Last year in 2011, China was the talk of the town. Well, in most things from economics to politics it has been the talk of the town for the past five years, but 2011 was particularly good for China and art. For one, the country emerged as the world’s number one market, at least measured in auction sales (people actually paying is another matter for another post). The figures from all the auction houses showed where the global wealth was flowing: Sotheby’s and Christie’s alone accumulated more than $ 1.8bn in Hong Kong alone. In a similar trend, more Western nations are showing exhibitions of Chinese art, be it contemporary or ancient Chinese artworks. The latest case in point is The National Museum of Australia’s A New Horizon: Contemporary Chinese Art described by critics as a powerful and important exhibition of contemporary Chinese art, all of which is on loan from the National Art Museum of China.
The exhibition features more than 70 sculptures, new media installations and paintings which have been created since the People’s Republic of China was founded in 1949, after the KMT part fled to Taiwan. For Chinese art aficionados, you should be able to recognise some big names, including Qian Songyan, Liu Xiaodong and Shen Jiawei. The works have been divided chronologically, with New China (1949-1977) covering most of the hectic days of propaganda art during the Cultural Revolution, moving on to New Thinking (1978-1999) and the years of opening up, reform and modernisation. Finally, New Century (2000-2009) reflects on the China that most people are familiar with – the big cities, wealth explosion and an increasingly assertive and powerful nation against the background of globalisation.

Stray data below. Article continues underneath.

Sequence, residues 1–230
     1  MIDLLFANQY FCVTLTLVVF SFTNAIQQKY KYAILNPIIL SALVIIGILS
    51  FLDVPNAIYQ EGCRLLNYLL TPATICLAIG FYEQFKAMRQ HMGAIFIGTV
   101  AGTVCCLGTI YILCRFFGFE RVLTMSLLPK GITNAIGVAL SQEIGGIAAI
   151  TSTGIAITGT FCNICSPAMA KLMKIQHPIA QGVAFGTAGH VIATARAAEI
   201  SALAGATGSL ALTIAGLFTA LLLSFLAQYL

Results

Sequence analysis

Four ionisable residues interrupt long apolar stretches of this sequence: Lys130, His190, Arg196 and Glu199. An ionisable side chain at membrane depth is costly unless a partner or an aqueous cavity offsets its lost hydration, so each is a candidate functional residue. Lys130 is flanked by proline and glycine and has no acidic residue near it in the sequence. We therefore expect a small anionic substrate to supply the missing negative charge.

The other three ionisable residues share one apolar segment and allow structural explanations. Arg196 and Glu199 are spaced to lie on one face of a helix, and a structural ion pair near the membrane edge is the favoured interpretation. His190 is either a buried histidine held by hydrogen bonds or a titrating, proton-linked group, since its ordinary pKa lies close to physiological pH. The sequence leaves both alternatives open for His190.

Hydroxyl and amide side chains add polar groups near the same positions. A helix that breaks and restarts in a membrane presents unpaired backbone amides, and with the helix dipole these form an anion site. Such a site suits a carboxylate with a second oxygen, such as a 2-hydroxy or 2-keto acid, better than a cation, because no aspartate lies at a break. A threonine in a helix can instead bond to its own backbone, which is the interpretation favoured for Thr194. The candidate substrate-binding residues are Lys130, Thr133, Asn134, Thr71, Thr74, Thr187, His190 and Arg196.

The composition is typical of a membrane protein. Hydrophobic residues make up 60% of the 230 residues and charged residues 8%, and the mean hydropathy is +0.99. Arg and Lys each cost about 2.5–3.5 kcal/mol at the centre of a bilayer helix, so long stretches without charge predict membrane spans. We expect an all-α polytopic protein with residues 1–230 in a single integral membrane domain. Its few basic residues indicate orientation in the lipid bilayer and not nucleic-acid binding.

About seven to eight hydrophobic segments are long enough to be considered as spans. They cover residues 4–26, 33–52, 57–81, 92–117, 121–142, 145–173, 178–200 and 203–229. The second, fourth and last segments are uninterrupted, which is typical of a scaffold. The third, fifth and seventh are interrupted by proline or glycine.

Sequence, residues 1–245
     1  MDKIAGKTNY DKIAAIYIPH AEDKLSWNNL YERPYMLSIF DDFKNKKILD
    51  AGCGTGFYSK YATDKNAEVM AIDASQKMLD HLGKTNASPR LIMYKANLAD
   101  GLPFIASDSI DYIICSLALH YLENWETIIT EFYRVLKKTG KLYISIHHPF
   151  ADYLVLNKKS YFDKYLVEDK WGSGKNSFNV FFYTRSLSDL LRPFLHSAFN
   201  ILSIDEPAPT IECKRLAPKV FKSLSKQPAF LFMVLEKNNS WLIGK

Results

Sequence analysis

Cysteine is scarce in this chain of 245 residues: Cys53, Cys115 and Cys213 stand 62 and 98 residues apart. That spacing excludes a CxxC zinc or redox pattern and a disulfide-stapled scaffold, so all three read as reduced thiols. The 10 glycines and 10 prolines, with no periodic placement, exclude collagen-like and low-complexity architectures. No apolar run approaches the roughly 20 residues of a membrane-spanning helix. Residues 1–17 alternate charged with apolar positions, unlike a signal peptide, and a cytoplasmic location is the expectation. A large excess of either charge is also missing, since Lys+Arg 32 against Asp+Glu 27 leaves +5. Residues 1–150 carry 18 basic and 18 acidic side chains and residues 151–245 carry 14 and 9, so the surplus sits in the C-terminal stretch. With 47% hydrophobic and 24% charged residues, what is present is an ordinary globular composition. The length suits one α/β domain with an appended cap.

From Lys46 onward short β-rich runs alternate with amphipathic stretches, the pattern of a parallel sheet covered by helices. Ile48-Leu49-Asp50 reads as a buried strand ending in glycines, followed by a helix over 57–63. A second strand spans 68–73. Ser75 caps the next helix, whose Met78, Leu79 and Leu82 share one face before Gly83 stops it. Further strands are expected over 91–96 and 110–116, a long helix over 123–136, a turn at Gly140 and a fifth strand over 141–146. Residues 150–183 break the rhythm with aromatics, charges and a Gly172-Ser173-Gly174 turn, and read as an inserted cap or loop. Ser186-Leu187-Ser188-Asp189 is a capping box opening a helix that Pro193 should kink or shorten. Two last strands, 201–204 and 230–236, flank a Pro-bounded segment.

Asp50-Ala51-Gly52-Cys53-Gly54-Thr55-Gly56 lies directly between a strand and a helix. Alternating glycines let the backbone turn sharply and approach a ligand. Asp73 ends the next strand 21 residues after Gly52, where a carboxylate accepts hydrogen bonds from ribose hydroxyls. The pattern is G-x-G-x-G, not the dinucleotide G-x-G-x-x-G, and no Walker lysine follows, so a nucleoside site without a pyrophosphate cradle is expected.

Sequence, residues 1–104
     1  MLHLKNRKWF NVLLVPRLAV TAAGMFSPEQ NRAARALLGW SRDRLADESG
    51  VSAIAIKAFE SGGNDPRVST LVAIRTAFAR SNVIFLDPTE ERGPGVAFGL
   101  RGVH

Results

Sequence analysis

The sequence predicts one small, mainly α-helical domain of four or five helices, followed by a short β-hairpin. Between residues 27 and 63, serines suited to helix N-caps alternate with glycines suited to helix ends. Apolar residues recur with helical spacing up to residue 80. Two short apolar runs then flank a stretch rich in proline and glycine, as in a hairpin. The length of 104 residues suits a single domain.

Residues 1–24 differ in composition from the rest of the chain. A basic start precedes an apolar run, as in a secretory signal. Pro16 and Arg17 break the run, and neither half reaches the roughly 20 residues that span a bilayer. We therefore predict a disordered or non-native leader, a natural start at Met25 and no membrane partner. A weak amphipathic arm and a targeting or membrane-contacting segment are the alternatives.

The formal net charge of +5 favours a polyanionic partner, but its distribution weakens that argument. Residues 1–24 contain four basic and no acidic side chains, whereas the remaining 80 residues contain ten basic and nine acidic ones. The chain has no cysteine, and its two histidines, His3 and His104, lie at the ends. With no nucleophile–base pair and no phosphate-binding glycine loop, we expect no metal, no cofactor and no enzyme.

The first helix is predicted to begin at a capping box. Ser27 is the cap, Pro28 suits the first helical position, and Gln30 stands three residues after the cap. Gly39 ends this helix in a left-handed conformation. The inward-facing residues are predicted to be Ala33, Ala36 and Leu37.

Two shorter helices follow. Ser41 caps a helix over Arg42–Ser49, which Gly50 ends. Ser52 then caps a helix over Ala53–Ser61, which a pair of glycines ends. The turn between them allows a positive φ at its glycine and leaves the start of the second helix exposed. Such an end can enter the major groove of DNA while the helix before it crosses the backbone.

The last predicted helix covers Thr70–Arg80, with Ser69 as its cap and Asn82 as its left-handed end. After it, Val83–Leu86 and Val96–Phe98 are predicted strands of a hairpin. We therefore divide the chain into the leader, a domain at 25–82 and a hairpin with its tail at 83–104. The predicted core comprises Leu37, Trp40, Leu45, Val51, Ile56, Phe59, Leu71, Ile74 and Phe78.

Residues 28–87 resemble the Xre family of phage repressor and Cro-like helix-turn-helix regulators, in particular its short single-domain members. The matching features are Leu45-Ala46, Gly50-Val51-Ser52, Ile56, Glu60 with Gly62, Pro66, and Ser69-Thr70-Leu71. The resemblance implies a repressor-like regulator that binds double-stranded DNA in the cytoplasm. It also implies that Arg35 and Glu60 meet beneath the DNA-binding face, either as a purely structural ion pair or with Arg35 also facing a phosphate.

National Art Museum of China Director Fan Di’an said the past two years of cultural exchange between Australia and China have helped to promote and strengthen the relationship between the two countries, referring to the Australian exhibition of Aboriginal art that toured China in 2011. Mr Fan said he hoped the latest exhibition would help bridge cultural gaps between the two nations. “We decided to create an exhibition featuring Chinese art since 1949, one that located Chinese art in the context of social and cultural change. The representative artists and works have been selected to reflect the history of the time and its cultural landscape, and form a snapshot of Chinese art from the latter half of the 20th century to today,” he said.
One important observation one gleans from the exhibition is that China was not as isolated as one may think. Chinese art in the 20th century had many Western influences, which arguably led to social changes in and of itself. The influence of art and culture continues to be reflected in the changes of norms and values, reflected in the production of art in the two countries. As National Museum of Australia Director Andrew Sayers said, the art of China in the decades from the 1950s to the 1980s was not as well known and further knowledge only increased understanding. “I am pleased to see that, as a result of their efforts, this exhibition has become a valuable contribution to Australia’s understanding of Chinese visual culture,” he said. People planning to visit Canberra, Australia, have until the end of January to see it.